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Teacher evaluations and teacher pressure

January 17, 2012

Since the beginning of the 2011 school year many cheating scandals have come to light across many public school districts in the USA. In the hotbed of that scandal, Georgia, many educators and their defenders pointed to the unrealistic expectations of standardized tests and their potential implications for teachers.

In what may be a response to these concerns, Georgia districts participating in Race to the Top will pilot a new teacher evaluation program, which will gauge teachers partly on student improvement on state mandated tests as well as attendance, classroom observations, and student surveys.  However, “some critics say it’s difficult to track down which teachers are responsible for a student’s academic progress because many students get tutoring or extra help from a variety of teachers.

The changing focus of teacher evaluations, and the stakes attached, have not gone unchallenged. Groups such as the NEA and AFT (The American Federation of Teachers) argue that the delimiting factors that affect student performance such as environment, school biases, inadequate accommodations for students of special populations and for many other reasons that basing employment of teachers and principals on student academic performance is unsatisfactory.

Education Next published a review of Cincinnati’s Teacher Evaluation System, in development as of the Summer of 2011, which uses some extended metrics, including so-called “value-added” measures.  They noted that the system seemed to have some success at predicting improved student outcomes while working with highly-rated teachers.

Leaders working with new evaluation systems should be aware of the issues surrounding judging teachers based on student performance. The metrics used in some systems attempt to balance test scores with other characteristics such as teaching practice and behaviors, or input from students, parents, or colleagues.

Key Questions:

  • What are the practices and behaviors incentivized by the evaluation system, and are those things that truly impact student performance?
  • Would an excellent teacher, in the eyes of the leader, fare well in the evaluation system?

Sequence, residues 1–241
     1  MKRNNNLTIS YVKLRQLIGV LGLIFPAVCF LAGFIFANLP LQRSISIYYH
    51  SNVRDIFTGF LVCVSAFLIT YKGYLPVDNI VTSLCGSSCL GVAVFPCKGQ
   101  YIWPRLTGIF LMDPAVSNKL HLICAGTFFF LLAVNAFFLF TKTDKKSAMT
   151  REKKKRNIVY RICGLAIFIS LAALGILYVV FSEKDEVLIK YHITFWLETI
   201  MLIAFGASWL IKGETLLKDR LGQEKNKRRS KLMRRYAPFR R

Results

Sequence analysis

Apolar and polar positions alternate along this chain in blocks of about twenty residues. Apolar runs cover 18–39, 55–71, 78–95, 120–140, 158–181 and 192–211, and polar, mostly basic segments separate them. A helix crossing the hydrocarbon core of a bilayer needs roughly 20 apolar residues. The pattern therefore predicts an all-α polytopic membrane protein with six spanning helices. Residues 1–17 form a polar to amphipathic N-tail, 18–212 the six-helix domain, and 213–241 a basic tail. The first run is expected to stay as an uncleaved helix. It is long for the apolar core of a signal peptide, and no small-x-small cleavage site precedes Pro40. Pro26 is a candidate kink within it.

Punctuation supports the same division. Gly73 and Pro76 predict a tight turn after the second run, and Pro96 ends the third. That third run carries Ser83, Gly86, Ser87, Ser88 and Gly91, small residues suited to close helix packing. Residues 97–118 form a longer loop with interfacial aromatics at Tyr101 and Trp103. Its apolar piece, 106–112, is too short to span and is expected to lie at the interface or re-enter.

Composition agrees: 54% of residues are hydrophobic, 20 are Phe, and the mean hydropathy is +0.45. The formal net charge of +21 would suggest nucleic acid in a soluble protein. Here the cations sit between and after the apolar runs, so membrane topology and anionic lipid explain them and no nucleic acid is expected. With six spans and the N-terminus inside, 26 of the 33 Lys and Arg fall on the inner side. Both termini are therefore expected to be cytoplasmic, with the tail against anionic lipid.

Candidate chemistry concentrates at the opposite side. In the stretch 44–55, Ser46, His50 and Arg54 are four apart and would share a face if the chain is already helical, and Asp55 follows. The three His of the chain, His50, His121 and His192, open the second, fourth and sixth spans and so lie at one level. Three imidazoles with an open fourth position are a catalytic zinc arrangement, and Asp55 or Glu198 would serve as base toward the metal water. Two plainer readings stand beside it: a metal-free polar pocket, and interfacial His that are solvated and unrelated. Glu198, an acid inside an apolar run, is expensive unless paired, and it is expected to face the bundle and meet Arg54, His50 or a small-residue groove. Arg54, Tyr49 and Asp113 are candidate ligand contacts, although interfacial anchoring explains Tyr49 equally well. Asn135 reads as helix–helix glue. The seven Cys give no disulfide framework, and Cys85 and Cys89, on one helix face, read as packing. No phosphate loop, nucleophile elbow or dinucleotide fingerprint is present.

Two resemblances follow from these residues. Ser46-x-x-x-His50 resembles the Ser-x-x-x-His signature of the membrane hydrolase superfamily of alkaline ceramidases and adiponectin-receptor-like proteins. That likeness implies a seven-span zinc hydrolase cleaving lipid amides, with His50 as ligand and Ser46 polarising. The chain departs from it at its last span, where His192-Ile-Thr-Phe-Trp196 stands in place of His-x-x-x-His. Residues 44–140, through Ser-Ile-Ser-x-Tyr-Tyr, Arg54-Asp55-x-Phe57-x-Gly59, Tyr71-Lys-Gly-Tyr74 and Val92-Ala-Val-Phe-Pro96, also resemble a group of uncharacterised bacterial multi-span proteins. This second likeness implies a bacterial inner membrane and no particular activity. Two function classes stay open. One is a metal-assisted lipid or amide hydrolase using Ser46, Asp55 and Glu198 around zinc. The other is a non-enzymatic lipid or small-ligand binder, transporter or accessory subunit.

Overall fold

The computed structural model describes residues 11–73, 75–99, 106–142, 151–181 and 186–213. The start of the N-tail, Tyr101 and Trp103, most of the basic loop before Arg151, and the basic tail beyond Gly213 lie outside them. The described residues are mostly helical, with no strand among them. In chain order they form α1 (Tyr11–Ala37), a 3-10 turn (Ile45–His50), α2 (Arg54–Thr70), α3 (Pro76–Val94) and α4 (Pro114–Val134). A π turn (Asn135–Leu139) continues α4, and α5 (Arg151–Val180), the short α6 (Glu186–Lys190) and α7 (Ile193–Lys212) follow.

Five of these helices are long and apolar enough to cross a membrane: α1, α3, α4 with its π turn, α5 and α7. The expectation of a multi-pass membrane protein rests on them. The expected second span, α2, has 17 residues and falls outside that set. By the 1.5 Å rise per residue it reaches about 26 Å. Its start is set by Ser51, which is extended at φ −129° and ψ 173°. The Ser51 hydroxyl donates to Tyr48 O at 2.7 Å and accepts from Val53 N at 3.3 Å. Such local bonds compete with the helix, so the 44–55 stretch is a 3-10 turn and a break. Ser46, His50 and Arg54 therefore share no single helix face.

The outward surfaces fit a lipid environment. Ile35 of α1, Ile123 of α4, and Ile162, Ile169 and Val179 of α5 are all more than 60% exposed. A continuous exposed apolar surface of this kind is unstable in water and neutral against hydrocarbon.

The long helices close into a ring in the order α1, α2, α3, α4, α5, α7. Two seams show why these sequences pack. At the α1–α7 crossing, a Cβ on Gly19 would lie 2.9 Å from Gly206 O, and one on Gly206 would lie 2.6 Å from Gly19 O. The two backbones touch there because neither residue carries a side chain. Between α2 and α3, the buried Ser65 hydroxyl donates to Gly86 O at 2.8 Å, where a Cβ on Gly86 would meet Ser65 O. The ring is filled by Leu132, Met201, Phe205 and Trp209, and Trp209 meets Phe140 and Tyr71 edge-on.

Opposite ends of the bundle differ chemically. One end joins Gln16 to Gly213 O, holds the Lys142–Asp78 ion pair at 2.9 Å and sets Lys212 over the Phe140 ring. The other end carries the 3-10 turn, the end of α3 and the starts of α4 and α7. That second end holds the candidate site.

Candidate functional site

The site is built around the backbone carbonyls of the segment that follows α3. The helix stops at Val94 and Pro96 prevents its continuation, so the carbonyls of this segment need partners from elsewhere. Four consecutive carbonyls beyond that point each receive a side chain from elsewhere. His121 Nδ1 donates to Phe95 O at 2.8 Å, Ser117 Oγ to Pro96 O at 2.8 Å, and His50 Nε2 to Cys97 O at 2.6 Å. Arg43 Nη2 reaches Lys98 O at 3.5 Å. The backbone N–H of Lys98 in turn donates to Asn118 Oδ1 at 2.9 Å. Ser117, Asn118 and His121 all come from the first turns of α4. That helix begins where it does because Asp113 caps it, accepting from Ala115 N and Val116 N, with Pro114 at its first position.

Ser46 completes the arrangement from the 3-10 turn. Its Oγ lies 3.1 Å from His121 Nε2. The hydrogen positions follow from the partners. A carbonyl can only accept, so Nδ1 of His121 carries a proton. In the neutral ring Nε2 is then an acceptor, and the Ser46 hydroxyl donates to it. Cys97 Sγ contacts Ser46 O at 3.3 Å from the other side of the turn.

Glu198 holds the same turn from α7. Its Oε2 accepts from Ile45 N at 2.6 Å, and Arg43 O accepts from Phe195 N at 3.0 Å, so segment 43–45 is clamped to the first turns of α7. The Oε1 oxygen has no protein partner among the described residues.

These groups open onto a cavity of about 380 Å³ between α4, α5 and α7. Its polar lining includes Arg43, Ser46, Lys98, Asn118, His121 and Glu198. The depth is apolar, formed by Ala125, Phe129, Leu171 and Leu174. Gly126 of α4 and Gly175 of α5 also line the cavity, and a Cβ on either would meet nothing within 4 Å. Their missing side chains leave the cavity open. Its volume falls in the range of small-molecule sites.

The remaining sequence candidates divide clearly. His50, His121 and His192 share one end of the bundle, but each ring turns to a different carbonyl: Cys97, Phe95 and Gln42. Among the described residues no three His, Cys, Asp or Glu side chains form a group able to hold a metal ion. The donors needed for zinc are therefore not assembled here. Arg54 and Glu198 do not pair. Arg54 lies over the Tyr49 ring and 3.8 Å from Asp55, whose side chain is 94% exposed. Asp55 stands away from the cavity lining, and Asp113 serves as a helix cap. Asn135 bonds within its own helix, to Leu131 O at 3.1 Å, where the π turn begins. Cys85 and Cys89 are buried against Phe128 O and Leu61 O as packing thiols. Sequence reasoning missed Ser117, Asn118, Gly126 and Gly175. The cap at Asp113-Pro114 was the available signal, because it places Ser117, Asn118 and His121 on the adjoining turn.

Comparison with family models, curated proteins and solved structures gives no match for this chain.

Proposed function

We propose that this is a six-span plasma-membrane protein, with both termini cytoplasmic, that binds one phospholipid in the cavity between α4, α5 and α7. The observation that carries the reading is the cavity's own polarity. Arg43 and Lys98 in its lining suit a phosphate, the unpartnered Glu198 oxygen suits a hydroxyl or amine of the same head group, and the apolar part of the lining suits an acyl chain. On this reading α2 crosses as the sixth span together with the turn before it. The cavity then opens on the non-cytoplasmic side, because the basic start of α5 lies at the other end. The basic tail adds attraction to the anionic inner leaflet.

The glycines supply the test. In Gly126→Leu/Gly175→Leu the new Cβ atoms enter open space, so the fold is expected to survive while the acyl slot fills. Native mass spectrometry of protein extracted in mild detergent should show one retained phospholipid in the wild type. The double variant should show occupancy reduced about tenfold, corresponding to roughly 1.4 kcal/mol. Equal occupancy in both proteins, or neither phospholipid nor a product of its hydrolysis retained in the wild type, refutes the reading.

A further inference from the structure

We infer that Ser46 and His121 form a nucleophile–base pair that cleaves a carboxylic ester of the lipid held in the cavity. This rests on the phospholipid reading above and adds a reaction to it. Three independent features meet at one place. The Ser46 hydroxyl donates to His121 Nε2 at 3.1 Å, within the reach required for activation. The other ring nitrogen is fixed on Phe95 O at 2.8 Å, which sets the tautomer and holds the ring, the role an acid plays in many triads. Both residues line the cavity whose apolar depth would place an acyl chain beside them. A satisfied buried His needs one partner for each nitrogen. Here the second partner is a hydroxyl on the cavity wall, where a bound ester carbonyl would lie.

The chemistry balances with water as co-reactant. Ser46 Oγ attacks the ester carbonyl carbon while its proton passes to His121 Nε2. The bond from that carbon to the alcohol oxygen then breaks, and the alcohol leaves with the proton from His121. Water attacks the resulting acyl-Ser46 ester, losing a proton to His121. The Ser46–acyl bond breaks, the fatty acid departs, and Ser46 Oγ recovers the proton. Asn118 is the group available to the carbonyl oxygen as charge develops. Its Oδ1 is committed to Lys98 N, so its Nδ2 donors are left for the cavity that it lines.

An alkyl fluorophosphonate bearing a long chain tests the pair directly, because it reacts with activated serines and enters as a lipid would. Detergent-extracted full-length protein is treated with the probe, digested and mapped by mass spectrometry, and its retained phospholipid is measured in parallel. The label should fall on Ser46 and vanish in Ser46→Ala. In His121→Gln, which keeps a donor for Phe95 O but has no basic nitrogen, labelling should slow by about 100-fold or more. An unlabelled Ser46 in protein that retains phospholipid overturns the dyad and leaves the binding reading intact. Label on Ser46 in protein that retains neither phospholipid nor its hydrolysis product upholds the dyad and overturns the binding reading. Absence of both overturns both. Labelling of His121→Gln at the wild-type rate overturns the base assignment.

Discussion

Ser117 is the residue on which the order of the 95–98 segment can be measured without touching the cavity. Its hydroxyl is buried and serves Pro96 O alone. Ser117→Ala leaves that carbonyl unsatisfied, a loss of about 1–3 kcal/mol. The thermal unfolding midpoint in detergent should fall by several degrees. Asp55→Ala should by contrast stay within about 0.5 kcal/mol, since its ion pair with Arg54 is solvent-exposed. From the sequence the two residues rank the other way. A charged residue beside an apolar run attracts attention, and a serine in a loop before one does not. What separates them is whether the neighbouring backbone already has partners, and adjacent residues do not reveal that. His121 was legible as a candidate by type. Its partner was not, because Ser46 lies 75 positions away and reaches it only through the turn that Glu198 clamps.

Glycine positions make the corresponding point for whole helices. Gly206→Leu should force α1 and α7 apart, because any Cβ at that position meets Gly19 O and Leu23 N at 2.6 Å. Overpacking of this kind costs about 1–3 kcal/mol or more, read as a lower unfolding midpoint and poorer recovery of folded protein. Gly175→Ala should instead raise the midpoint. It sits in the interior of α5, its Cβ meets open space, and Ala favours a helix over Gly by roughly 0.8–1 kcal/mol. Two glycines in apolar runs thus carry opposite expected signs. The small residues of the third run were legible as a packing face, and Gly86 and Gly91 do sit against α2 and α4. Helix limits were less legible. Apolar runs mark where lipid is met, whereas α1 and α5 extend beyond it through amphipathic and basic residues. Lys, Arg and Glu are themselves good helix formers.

• Would the system help the leader identify a poor or struggling teacher, and provide the information necessary to help that teacher improve, or otherwise assist the leader in making personnel decisions?
  • How much flexibility is afforded the school leader in the system?
  • Will teachers feel pressured to comply with the letter of the evaluation system, or is there sufficient buy-in such that they understand the spirit of the system?
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3 Comments leave one →
  1. January 24, 2012 8:56 pm

    Test scores must be balanced with other instructional behaviors. For example, I have seen classrooms that had most of the students with multiple information processing difficulties, making teaching a challenge, let alone obtaining higher academic achievement test scores.

    My own published research shows that with some classroom teaching, even with specifically applied treatments, the scores did not improve immediately, but over the process of subsequent years. (I have five published 1-3 year longitudinal reports)

    This scenario requires differentiated teaching with creative applications that activate the various senses. Parental homework practice support is also important.

    • January 24, 2012 10:21 pm

      Jan – can you point us to some of your published research? Evidence that interventions do not always work immediately, or in the timeline that school leaders may expect, can be powerful for designing and implementing effective and just evaluation systems.

      • January 25, 2012 8:28 pm

        My published work, and cited on ERIC ClearingHouse is on my website: http://www.memspan.com/publications.html — the article I am referencing is “Brain-Based Accelerated Learning Longitudinal Study Reveals
        Subsequent High Academic Achievement Gain for
        Low Achieving, Low Cognitive Skill Fourth Grade Students.” – It shows gains in subsequent years when the students were reconfigured in their original treatment groups and made gains over the control groups. Pubs by “The Journal of Accelerated Learning and Teaching” Fall 2000.

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